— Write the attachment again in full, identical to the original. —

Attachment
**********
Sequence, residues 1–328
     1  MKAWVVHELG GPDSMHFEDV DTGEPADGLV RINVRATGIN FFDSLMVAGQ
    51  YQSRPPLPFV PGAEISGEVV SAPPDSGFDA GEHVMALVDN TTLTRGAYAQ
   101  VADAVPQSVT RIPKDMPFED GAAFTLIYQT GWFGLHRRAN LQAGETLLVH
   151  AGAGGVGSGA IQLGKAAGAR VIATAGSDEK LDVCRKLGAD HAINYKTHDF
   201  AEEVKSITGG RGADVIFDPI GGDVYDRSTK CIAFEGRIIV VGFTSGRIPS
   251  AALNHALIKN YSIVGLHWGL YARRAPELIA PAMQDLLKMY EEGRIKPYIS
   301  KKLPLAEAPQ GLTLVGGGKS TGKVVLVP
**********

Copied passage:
Sequence, residues 1–328
     1  MKAWVVHELG GPDSMHFEDV DTGEPADGLV RINVRATGIN FFDSLMVAGQ
    51  YQSRPPLPFV PGAEISGEVV SAPPDSGFDA GEHVMALVDN TTLTRGAYAQ
   101  VADAVPQSVT RIPKDMPFED GAAFTLIYQT GWFGLHRRAN LQAGETLLVH
   151  AGAGGVGSGA IQLGKAAGAR VIATAGSDEK LDVCRKLGAD HAINYKTHDF
   201  AEEVKSITGG RGADVIFDPI GGDVYDRSTK CIAFEGRIIV VGFTSGRIPS
   251  AALNHALIKN YSIVGLHWGL YARRAPELIA PAMQDLLKMY EEGRIKPYIS
   301  KKLPLAEAPQ GLTLVGGGKS TGKVVLVP